Moves like this feel inevitable for several of these second-tier streaming platforms. There’s a hard ceiling on the amount of money folks are willing to spend, so unless streaming platforms can find a way to cut costs and become more competitively priced, the only possible outcome by the end of the “streaming wars” will be the permanent closure of several of these platforms. Companies running these platforms should consider other options, because blindly chasing the streaming model will lead to financial ruin. Sega had the foresight in 2001 to jump out of an overcrowded market and abandon a failing business model. In the two decades since the company has refocused its efforts and found renewed success. This represents a great model for streaming platforms to follow.

All films, television series, and video games mentioned above are the copyright of their respective owner, studio, developer, broadcaster, publisher, distributor, etc. This article contains the thoughts and opinions of one person only and is not intended to cause any offence.

Lego Star Wars Terrifying Tales – a review

Spoiler Warning: There are spoilers ahead for Lego Star Wars Terrifying Tales. Spoilers are also present for other iterations of the Star Wars franchise, including the following films and shows: The Mandalorian Season 2, Solo: A Star Wars Story, and The Rise of Skywalker.

It’s Spooktober – the spookiest month of the year! To celebrate Halloween at the end of the month, Disney and Lucasfilm released Lego Star Wars Terrifying Tales on Disney+, a Star Wars-themed kid-friendly Halloween special. Last year’s The Lego Star Wars Holiday Special – which I didn’t get around to reviewing in time for Christmas – was a ton of fun, so I had high hopes going into Terrifying Tales. Stay tuned for a review of The Lego Star Wars Holiday Special in late November or December, by the way, as I’m adamant that I’ll finally review it this year!

Terrifying Tales was incredibly funny, at least equalling last year’s Lego Star Wars offering. It was the kind of silly, irreverent style of humour that Lego Star Wars is known for, and also drew on a number of different classic horror tropes. I had a wonderful time with the forty-five minute special, and if I had one criticism it would be that I wish we got these Lego Star Wars special episodes more often!

Poe Dameron and BB-8 with new character Dean.

I’m not the world’s biggest fan of horror. Some horror stories can be a mental health trigger for me, so I tend to avoid the genre as a whole unless I’m really sure that I’m in the right frame of mind. But Terrifying Tales was exactly the kind of child-friendly light horror that appeals to me. The animated special made use of a horror-themed aesthetic and horror-based stories, and played up some familiar tropes, but it did so without being frightening. If you’re concerned about younger kids or anyone of an especially sensitive disposition, I didn’t see anything in Terrifying Tales that I feel would be particularly scary or upsetting.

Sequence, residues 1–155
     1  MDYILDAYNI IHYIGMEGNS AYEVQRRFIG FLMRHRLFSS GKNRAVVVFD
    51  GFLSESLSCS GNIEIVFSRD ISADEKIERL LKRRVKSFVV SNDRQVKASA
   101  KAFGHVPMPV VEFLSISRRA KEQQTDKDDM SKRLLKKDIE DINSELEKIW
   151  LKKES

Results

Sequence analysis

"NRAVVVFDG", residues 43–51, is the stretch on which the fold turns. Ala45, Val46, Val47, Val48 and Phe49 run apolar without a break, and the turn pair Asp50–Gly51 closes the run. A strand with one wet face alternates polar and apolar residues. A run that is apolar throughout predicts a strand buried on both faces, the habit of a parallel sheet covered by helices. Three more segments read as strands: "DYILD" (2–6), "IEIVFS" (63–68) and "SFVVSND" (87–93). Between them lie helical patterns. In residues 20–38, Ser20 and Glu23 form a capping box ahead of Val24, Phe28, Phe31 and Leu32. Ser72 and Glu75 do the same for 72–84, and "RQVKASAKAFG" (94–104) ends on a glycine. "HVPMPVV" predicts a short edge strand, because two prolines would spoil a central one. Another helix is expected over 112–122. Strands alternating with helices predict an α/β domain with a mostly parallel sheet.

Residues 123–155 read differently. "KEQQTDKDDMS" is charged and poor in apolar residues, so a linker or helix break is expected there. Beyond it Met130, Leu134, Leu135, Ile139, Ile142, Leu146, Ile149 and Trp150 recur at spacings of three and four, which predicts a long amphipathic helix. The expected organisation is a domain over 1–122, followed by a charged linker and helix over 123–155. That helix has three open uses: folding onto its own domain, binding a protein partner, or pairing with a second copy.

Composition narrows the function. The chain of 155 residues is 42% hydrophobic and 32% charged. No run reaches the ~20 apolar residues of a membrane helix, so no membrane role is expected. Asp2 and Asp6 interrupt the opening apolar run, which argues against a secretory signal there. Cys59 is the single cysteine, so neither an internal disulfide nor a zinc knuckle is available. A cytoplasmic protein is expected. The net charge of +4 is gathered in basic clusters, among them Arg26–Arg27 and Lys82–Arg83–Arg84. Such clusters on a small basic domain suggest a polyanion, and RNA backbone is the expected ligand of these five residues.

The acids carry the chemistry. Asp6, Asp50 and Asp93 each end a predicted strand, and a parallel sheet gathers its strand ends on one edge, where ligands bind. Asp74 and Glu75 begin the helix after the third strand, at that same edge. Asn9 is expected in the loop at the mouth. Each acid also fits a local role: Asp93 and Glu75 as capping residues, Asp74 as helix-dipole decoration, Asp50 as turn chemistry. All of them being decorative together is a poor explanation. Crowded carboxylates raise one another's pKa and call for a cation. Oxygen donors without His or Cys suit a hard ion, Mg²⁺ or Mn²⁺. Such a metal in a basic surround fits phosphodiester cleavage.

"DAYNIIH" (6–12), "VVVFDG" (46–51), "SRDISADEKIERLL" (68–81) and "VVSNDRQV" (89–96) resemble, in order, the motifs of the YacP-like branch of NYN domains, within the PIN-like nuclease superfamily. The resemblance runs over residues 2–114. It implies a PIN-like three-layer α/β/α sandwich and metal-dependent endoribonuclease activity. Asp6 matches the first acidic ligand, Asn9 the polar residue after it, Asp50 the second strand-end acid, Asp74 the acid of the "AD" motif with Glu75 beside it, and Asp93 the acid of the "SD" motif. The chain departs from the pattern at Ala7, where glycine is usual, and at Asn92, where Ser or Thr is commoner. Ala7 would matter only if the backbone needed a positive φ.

Lego Star Wars has been something I’ve adored since the release of the first video games in the mid/late 2000s; 2007’s Lego Star Wars The Complete Saga is undoubtedly one of the best video games I played during the Xbox 360 era. I’ve also been eagerly awaiting the newest Lego Star Wars video game which is due for release in the spring. Watch this space again, because I hope to review the game when it’s released!

I’m already looking forward to the next Lego Star Wars project!

Last year’s Lego Star Wars Holiday Special managed to get a great balance of prequel era, original era, and sequel era references and stories, and I was incredibly pleased to see Terrifying Tales managed to do the same. At first I was worried that the special was going to lean very heavily on the sequels, with Poe Dameron as its primary character. However, while the frame narrative focused on Poe, there were plenty of references and callbacks even then to past iterations of Star Wars. Overall, Terrifying Tales managed to get the right mix of characters and storylines from the cinematic franchise’s three main eras.

The frame narrative was typical Lego Star Wars silliness, with a Hutt having taken over Darth Vader’s abandoned Mustafar castle. Planning to turn the Sith fortress into a Las Vegas-style hotel, the setting was a great mix of creepy and silly – there was more than enough light-heartedness in the modifications made to the intimidating castle to tone it down and take the edge off the spookiness. At the same time, the castle was a great setting. It had a fairly typical “haunted castle” vibe, complete with darkened hallways and imposing architecture. Even in the lobby, which was brimming with Vegas-inspired (or perhaps Disneyland-inspired) kitsch and souvenir shops, there was still a creepy background note, as though the place wasn’t entirely safe.

Darth Vader’s castle – now with gift shop!

As the characters ventured further into Vader’s castle, however, the setting took on a different feel. It became less of a haunted castle and more akin to an ancient temple – or a pyramid from a classic mummy film. Deep within the bowels of Vader’s abandoned fortress, hidden rooms with unclaimed – yet cursed – treasures and cleverly-operated switches and traps awaited Poe, BB-8, and the rest of the cast. The castle thus served a dual purpose, and to cram both settings into one locale in a way that felt natural and that didn’t feel rushed shows some pretty great writing.